The first ever NFT was created in 2014, when digital artist Kevin McCoy minted ‘Quantum‘ on the Namecoin blockchain. Later, in 2017, CryptoKitties, a popular blockchain-based game was launched.
However, the popularity of NFTs truly reached new highs in 2021 – a year known as the “year of NFTs.” Winkelmann, a digital artist better known as Beeple, sold his digital collage “Everydays: The First 5000 Days” as an NFT for $69 million. As a result, the general public and digital artists were encouraged to sell NFTs based on their creations.
What makes NFTs so attractive is their ability to represent digital assets like art, music, or social media content, complete with a unique code that ensures authenticity. As they can be bought, sold, or traded like other valuables, NFTs have really shaken things up. The emergence of dynamic NFTs adds another layer of excitement, offering more interactivity and personalization to the digital creator space.
This article will dive deeper into what dynamic NFTs are and how they’re changing the game, keeping us all on our toes for what’s next.
Static and Dynamic NFTs slightly differ from each other, so before discussing dynamic NFTs, let’s first refresh ourselves on the standard ones.
These unique digital assets live on a blockchain; each can be told apart from the others by its one-of-a-kind token ID and contract address. You can attach metadata to an NFT, like images, videos, or other data, which means you can own a token representing a distinctive digital object.
Right now, the most popular use for static NFTs are in digital art. An artist creates a token for their digital masterpiece, and a collector can buy that token to claim ownership. Once an NFT is minted, its token ID stays the same. Remember, adding metadata – like descriptions, images, and more – is totally optional. Therefore, at its core, an NFT is just a transferable token with a unique token ID.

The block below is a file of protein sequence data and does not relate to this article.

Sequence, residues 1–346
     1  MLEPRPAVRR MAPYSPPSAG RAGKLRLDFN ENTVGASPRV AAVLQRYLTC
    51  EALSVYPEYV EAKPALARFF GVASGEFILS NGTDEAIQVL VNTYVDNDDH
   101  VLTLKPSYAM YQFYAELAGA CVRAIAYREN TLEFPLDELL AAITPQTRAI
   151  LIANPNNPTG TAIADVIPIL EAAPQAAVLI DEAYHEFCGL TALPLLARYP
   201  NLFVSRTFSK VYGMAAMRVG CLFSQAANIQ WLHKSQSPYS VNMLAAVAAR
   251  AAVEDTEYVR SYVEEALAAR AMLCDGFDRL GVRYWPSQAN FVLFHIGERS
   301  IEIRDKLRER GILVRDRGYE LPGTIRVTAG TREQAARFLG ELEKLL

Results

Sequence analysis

This static NFT model has been a game-changer for digital artists everywhere. Before NFTs, artists struggled to prevent or even track the unauthorized sharing of their work because there was no way to tell one digital file from another and no single “authentic” file to own.
But now, thanks to NFTs, creators can sell digital art to their fans by giving them verifiable ownership, and fans can show off that they have an original piece, even if the actual image has been copied elsewhere.
Currently, static NFTs dominate the scene, mainly appearing in NFT artwork, play-to-earn games, and digital collectibles. They also bring a distinct advantage when it comes to digitizing real-world items like property deeds, patents, and other one-of-a-kind identifiers.
However, the static nature of these NFTs can be limiting, as the metadata associated with them becomes fixed once minted on a blockchain. Updatable data is crucial for applications like tokenizing tangible assets, developing progress-based video games, or forming blockchain-driven fantasy sports leagues.
This is where dynamic NFTs come into play, offering a perfect balance: they maintain their unique identifiers while allowing updates to specific metadata elements.
A dynamic non-fungible token, or dNFT, is a type of blockchain-based token that can adapt its inherent characteristics according to external factors. These alterations are documented in the dynamic NFT’s metadata.
For instance, if a dynamic NFT represents a house, the token’s metadata will update to reflect changes in circumstances, such as previous sales or maintenance records. External data that can trigger these updates may include the passage of time or real-world data gathered from devices like weather stations or live sports score trackers.
These adaptable tokens generate significant excitement in both the physical and digital realms as they elevate NFTs by broadening their creative potential. Changes in dynamic data inputs, or metadata, are set in motion through coded instructions found within dNFT smart contract, which governs the modifications.
Dynamic NFTs work like this: An oracle activates the smart contract, granting access to both on-chain and off-chain data sources like the Internet of Things (IoT) information and web APIs. Notably, dynamic NFTs aren’t limited to just metadata adjustments; they can also be created when specific conditions are fulfilled, such as uncovering a secret location in an augmented reality app.
The ability to modify and visibly update information distinguishes dynamic NFTs from their static equivalents. The ERC-721 token standard is often used to create static NFTs, whereas the ERC-1155 token standard is used to create dynamic NFTs.
Tokens built to the ERC-1155 standard share capabilities with fungible ERC-20 tokens and non-fungible ERC-721 tokens, according to Ethereum’s documentation. And since they may be modified, ERC-1155 tokens are semi-fungible.